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Tapas out of town – away from Granada’s centre, a local tapas scene awaits.

La Chana – unlikely home to some of Granada’s best tapas

Tapas-wise, one of Granada’s best-kept secrets is way out of the elegant and historic centre. The scruffy, working barrio of La Chana lies at the city’s western extremity, practically rubbing shoulders with the A44 ring road. Reachable via the SN4 bus from Gran Via (outside the cathedral), a 40-minute walk from the same spot, or a ten-minute taxi ride from Plaza Nueva, this characterful quarter, though hardly ever explored by tourists, is home to some of the best tapas joints in Granada.

The place to be is a cluster of residential side streets off the Carretera Málaga, near the Lidl store. You won’t find the architectural splendour to which the city centre accustoms you in La Chana; this is an area of functional 70s and 80s apartment blocks, pungent, bustling fish stores and cheap clothing outlets. It might not look like much, but you’re not here to gawp over centuries-old buildings anyway: you’re here to eat. Carry on down past the Lidl (down Calle Delfin) and suddenly you find yourself in an area alive with bars.

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At the eateries in this part of La Chana, unlike at many establishments in the city centre, you choose which tapas you want from a varied menu, rather than waiting to see what arrives with your drink. And so generous are the portions – especially at La Locura del Rey and Voy Volando Tapas – that, for the price of a couple of cheap drinks (maximum €3 for a wine; €2 for a beer), you can eat dinner or lunch. And a good dinner or lunch, too.

Mountains of fried calamares and boquerones are piled precipitously high on their plates; the spiced, Moroccan-style pinchitos look like they carry about half a kilo of sizzling pork each; the burgers (a popular option amongst the students who live here) are not “mini” but full-sized; and the croquetas are as big as your fist. And yes, it’s all free; or rather, included in the price of a drink that’s so cheap that it might as well be free. You’re also likely to be the only non-Spaniard in the barrio as you enjoy it.

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Out in the country

Given Granada’s incomparable location at the base of the Sierra Nevada Mountains, there are some superb country restaurants within a twenty-minute drive from the city. One of the most spectacularly-appointed is at the Zerbinetta Hotel, located just outside the small town of Dilar. From its two spacious, sunny terraces, you can take in some humbling views of the Sierra, including its second highest mountain, the 3,396-metre Pico Veleta. This is an unbeatable location for a long summer lunch or, equally, a cosy drink or coffee on winter afternoons, when you can gaze out at the countryside from comfy armchairs under a grand, oak-beamed ceiling.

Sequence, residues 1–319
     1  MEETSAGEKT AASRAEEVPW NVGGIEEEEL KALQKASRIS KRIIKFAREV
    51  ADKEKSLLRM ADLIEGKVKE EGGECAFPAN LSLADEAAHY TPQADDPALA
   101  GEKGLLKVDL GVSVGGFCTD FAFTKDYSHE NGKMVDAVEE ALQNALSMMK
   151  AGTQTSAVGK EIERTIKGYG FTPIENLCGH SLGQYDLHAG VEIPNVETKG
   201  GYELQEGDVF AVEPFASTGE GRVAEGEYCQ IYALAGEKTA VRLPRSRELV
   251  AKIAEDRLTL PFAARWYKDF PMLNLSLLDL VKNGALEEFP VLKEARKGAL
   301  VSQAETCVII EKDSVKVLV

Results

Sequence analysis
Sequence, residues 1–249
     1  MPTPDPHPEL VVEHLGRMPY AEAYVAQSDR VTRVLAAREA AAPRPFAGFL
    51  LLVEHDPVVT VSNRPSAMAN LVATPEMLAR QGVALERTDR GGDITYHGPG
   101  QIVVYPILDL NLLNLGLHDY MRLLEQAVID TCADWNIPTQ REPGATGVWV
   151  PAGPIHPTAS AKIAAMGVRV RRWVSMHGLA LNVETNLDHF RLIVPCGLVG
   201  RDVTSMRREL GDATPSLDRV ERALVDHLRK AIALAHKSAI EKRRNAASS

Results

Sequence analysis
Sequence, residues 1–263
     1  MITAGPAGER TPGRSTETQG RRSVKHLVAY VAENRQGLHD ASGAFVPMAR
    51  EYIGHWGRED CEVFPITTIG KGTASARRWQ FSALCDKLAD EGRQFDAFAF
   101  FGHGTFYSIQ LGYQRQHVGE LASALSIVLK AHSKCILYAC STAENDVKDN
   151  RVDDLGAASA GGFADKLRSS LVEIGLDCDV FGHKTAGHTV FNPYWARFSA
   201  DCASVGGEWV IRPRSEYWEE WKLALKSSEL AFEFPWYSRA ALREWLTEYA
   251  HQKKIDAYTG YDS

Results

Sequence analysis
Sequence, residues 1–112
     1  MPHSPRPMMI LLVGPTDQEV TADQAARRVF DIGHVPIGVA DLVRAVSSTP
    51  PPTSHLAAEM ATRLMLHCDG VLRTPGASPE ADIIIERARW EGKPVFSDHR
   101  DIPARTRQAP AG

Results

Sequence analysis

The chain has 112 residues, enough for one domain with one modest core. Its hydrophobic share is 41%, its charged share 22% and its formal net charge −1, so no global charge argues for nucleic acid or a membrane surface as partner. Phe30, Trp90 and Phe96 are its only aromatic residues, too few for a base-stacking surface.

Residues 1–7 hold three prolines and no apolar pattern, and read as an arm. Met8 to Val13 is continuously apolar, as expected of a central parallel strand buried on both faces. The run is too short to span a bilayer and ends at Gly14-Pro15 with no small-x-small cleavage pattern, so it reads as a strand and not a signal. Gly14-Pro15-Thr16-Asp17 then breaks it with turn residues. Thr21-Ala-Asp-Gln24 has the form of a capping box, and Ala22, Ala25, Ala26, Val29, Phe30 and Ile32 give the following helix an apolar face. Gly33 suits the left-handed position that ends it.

The cooking at Zerbinetta is wonderful: think rustic, country fare such as rabbit stews, hearty, delicious cocido – a broth of chickpeas, pork, chicken and chorizo – and big platters of cured jamon. Comforting, homemade-by-Mum-on-a Sunday-afternoon kind of food that deeply replenishes you, in every way, after a long trek or bike ride.

Similar fare is served at La Fuente de Hervidero, a gorgeous cortijo tucked away in the Cumbres Verdes region of the Sierra Nevada, near La Zubia (again, it’s no more than a twenty-minute drive from Granada).

The Cumbres Verdes is a great area for hiking and biking, offering a series of undemanding tracks lined with beautiful picnic spots, or a more gnarly route that takes you to the 2,079-metre peak of Trevenque. After completing the latter trek, which features a tricky final ascent, you’ll certainly want to reward yourself with a seat on Hervidero’s vast terrace, which offers great views of Trevenque and its rocky foothills. Order a big glass of beer (Alhambra, naturally), one of their huge bocadillos and admire the peak you’ve just conquered. Granada is only twelve kilometres away, but you feel totally disconnected from the city out here.

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Even closer to Granada, but still largely unknown to tourists, are the beautiful settlements dotted along the Rio Genil, southeast of the city. Following the Genil (on the Carretera de la Sierra), as it weaves along the southern side of the Alhambra’s majestic hill, brings you to one of the prettiest of these – Pinos Genil – in less than ten minutes. This lovely village spreads itself out on either side of the river’s cool, clear waters, its two halves joined up by attractive bridges. Plaza España has some good terraces, but if you come to Pinos, you’ve got to be by the Rio.

La Taberna del Turrón and Mesón Casa Guillermo are the best eateries, both boasting outside seating right by the Genil. Particularly good at both are the arroz (saffron-infused rice studded with chunks of pork or chicken) and the carne en salsa (stewed meat, typically pork, in a rich tomato sauce), with the grilled meats (carne a la plancha) and fish great options if you’re after a full, sit-down meal. Either way, you’ll have to shout to make yourself heard over the din made by locals, as they enjoy the company of friends and family during long, riverside meals.

Cenes de la Vega, three kilometres up-river, is also well worth a visit if you’re exploring the Vega plains south of Granada. And as with all the places mentioned in this article, as you do, you’ll have the unbeatable feeling of discovering places only known by the locals.

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